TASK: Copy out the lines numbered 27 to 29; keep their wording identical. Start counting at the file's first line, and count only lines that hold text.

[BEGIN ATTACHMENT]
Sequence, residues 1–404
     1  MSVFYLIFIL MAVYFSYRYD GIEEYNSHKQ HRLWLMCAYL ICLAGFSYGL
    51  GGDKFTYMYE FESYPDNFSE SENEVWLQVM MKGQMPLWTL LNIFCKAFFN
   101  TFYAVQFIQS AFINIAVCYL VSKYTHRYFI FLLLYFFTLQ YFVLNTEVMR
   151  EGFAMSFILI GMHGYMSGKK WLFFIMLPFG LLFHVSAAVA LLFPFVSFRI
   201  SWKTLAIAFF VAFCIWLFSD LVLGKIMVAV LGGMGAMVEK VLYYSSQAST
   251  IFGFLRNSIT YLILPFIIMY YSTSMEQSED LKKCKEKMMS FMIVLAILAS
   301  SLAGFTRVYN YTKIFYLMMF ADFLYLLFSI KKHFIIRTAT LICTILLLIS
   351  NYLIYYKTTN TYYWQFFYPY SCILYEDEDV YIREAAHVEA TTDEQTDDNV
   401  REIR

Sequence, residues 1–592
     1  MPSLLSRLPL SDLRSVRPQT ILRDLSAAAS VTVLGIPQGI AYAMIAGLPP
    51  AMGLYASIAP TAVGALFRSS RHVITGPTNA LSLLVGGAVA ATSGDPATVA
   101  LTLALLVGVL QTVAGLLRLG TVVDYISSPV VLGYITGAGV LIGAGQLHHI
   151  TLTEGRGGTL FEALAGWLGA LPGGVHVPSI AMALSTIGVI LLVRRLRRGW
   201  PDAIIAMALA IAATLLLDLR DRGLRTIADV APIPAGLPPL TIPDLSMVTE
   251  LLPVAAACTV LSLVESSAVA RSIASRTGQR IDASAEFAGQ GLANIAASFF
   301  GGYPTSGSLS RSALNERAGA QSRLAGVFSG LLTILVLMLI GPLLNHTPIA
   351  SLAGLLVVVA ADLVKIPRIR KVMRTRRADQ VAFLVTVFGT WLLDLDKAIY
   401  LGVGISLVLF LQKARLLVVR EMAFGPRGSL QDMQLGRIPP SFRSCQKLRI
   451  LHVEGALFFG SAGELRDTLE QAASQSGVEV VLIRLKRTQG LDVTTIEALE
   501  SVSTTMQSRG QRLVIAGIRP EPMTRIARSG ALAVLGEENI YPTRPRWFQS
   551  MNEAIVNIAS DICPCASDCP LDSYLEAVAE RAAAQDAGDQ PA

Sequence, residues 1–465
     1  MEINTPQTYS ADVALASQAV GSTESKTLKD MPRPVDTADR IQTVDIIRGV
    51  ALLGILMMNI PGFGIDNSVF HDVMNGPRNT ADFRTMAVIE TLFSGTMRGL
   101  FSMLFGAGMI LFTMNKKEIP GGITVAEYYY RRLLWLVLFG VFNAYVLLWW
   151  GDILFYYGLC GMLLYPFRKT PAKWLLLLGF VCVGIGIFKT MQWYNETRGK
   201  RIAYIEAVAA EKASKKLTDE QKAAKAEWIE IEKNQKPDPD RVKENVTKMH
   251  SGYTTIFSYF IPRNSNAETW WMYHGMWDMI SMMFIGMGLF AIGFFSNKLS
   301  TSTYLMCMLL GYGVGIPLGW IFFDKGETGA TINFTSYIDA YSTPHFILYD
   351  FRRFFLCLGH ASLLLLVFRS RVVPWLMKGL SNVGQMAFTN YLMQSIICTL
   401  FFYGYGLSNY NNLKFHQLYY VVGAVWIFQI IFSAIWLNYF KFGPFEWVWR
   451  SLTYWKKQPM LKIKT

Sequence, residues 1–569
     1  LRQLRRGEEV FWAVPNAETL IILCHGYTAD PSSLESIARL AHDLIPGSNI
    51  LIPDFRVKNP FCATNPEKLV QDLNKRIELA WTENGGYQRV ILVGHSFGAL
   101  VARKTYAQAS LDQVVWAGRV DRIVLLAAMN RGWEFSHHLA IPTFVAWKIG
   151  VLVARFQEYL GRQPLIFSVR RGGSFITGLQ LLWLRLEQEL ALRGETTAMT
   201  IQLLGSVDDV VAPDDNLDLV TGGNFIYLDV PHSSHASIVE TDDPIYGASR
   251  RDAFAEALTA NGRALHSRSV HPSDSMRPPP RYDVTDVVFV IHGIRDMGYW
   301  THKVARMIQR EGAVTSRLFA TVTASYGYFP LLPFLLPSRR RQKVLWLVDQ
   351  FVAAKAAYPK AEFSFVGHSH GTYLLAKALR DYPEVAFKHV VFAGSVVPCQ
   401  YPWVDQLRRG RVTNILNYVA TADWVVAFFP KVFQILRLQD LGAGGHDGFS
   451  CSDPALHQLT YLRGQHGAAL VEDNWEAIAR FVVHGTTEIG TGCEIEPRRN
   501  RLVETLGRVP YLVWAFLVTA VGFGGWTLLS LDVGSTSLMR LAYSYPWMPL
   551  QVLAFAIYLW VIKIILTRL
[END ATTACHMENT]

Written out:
   101  FSMLFGAGMI LFTMNKKEIP GGITVAEYYY RRLLWLVLFG VFNAYVLLWW
   151  GDILFYYGLC GMLLYPFRKT PAKWLLLLGF VCVGIGIFKT MQWYNETRGK
   201  RIAYIEAVAA EKASKKLTDE QKAAKAEWIE IEKNQKPDPD RVKENVTKMH